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In Davos, he talked like a free marketeer. Back in New Delhi, his budget tells a different story.
Like some sort of ancient deity, Narendra Modi appears to take on different avatars depending on his audience. In Davos last month, the Indian prime minister defended globalization and warned against the “power of protectionism.” But the annual budget, unveiled last week, did not suggest the pro-business statesman on display at Davos, but a soak-the-rich protectionist strongman of the sort depressingly familiar in poor countries.
This year’s budget, the last before general elections in 2019, squelches any remaining hopes that Mr. Modi would use his large mandate—India’s first single-party parliamentary majority in 30 years—to push long-pending market-friendly reforms such as uniformly lowering corporate taxes and privatizing state-owned banks.
Instead the budget confirms what has already become apparent. Mr. Modi talks a good game on the international stage, but his re-election plans hinge on a combination of grand gestures toward the poor and traditional Indian squeamishness about anything that may be viewed as favoring the rich.
The budget’s headline promise, dubbed Modicare, will provide government health insurance covering many hospital expenses for 500 million Indians. Though the initial funds allocated for this effort (about $311 million) appear pitiably meager, the idea mirrors the poorly planned and expensive populism that marked the tenure of the left-of-center Congress Party that ruled India for 10 years until 2014.
No Indian politician can bolster his “pro-poor” credentials without also sticking it to the rich. The budget reintroduced a long-term capital-gains tax scrapped 14 years ago. From now on, investors will have to pay a 10% tax on gains from selling shares held longer than 12 months. This comes on top of a transaction tax that had replaced the capital gains tax. Last Friday—the day after the announcement but before the world-wide correction in equity prices—Bombay’s Sensex stock index fell 2.3%, wiping out $70 billion of shareholder wealth.
After more than two decades of trade liberalization, India has also taken a protectionist turn. Faced with the failure of Mr. Modi’s “Make in India” program to boost manufacturing employment, the government has hiked import tariffs to coerce companies to build more mobile phones, auto parts and toys in India. An iPhone X, for instance, will now cost $1,700 in India, about 94% of an average person’s yearly income.
According to Devashish Mitra, a professor of economics at Syracuse University, these tariffs—along with an earlier round of tariff hikes on electronics in December—echo the failed protectionist policies of the past. They ensured that Indians paid high prices for shoddy goods, and created a business culture in which many firms cared more about manipulating duties than satisfying customers. Mr. Mitra says that instead of raising tariffs India should have emulated China by reforming labor laws and maintaining a low-tariff regime on intermediate goods to attract export-oriented global manufacturing firms.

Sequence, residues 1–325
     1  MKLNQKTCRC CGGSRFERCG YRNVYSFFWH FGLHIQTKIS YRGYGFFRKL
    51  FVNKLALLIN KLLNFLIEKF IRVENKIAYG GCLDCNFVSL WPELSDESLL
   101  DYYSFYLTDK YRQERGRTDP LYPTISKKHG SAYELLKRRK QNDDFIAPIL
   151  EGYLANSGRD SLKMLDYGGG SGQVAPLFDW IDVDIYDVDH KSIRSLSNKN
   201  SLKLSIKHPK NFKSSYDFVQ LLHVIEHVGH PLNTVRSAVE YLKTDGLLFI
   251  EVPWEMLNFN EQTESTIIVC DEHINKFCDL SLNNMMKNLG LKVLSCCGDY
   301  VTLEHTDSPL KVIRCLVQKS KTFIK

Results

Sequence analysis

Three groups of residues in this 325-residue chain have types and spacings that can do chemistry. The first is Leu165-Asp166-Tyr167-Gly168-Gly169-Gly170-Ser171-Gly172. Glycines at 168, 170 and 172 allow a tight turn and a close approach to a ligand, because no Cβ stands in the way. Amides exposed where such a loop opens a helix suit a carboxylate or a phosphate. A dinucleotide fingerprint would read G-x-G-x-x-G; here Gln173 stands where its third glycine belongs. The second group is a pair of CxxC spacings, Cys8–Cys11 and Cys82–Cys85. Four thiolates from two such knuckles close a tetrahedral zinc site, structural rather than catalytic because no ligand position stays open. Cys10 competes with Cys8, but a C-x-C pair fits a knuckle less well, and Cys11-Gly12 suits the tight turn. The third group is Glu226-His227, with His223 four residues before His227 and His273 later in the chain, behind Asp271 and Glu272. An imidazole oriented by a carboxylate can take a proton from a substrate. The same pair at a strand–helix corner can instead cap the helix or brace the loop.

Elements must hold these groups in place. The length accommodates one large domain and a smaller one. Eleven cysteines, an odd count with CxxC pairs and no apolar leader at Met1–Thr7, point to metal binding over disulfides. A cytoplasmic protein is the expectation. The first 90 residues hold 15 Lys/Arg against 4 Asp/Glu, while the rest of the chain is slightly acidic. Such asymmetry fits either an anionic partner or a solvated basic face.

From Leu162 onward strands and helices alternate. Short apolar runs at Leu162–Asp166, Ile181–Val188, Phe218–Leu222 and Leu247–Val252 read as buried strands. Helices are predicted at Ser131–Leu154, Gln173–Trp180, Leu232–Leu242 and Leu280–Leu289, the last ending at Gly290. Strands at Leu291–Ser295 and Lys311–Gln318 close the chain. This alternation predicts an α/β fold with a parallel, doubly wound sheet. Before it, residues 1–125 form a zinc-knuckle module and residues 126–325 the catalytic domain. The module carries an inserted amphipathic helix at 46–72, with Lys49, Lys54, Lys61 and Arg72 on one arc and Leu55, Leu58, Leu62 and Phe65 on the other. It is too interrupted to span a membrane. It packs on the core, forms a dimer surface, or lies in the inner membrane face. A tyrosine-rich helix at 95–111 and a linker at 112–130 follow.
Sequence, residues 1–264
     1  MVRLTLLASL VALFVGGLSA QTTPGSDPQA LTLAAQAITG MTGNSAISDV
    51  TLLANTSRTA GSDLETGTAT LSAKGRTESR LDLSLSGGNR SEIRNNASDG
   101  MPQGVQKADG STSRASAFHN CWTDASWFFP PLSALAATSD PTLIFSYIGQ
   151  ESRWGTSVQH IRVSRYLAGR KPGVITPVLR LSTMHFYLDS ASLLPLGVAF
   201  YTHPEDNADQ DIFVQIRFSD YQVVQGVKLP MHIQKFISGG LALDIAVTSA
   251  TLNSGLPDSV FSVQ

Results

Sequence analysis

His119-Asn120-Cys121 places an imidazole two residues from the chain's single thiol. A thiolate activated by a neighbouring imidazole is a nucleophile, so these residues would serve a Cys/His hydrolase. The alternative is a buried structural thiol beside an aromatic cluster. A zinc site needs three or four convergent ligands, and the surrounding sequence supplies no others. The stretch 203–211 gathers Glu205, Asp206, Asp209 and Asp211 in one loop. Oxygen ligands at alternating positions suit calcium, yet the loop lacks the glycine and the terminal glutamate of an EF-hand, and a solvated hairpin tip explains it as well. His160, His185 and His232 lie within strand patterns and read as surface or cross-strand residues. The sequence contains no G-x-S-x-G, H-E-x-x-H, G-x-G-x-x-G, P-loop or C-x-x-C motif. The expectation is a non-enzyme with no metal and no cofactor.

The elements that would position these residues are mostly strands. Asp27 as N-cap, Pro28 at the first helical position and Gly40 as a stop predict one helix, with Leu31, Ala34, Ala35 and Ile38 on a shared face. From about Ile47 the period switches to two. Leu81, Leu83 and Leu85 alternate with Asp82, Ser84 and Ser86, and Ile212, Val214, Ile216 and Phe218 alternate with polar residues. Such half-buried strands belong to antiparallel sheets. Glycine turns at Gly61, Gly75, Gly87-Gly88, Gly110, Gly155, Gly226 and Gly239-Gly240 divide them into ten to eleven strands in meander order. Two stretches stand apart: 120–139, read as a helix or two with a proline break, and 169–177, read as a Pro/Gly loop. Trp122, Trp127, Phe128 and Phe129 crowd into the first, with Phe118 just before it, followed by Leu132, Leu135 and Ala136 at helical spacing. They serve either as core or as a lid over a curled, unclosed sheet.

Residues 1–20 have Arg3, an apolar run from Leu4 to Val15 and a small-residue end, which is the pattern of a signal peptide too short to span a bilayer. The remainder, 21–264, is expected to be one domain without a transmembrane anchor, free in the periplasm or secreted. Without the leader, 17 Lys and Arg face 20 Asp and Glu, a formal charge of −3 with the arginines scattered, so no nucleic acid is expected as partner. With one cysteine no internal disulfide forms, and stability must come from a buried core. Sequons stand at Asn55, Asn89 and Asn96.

The approach to corporate taxes reflects India’s inability to outgrow its long-standing suspicion of big business. In his budget speech three years ago, Finance Minister Arun Jaitley promised to make India more competitive by lowering corporate taxes to 25% from 30% by 2019.
This year he said the lower tax rate would apply to companies with sales of less than 2.5 billion rupees ($39 million), five times the 500 million rupee threshold applied last year. This excludes the 7,000 largest firms, which account for a large chunk of taxes and have the best shot at competing globally.
Nor has Mr. Jaitley kept his promise of reining in the fiscal deficit. According to a law passed in 2003, the federal government was committed to limit the fiscal deficit to 3% of gross domestic product by 2009. After relaxing his target for the third time in five years, Mr. Jaitley pushed that deadline to 2021. But if India can’t meet its commitments with the economy estimated to grow 6.5% next year, the odds of its suddenly developing the political will to rein in profligacy three years from now appear slim.
Privatization is another missed opportunity. In almost four years, the Modi government has failed to sell a single state-owned enterprise, though it has invited bids for the money-losing state-owned carrier Air India.
In his budget speech, Mr. Jaitley boasted of beating this year’s target for disinvestment, the Indian term for selling stakes in state-owned firms. This reflects accounting sleight-of-hand rather than a commitment to getting government out of business. For instance, it includes state-owned Oil and Natural Gas Corp.’s purchase earlier this year of a 51% stake in state-owned Hindustan Petroleum Corp. for $5.8 billion.
Some analysts argue that the budget could have been worse. At least on paper, Mr. Jaitley relaxed the fiscal deficit target for next year only modestly. Notwithstanding Modicare, the government has not announced anything as populist as the Congress Party’s $17 billion 2008 loan waiver for farmers.
It’s too soon to say whether the government will stick to its revised budget estimates or open the floodgates of populism even wider as elections approach. But one thing is certain: the Davos version of Mr. Modi bears little resemblance to his domestic avatar.
Appeared in the February 9, 2018, print edition as ‘Will the Real Narendra Modi Please Stand Up?.’
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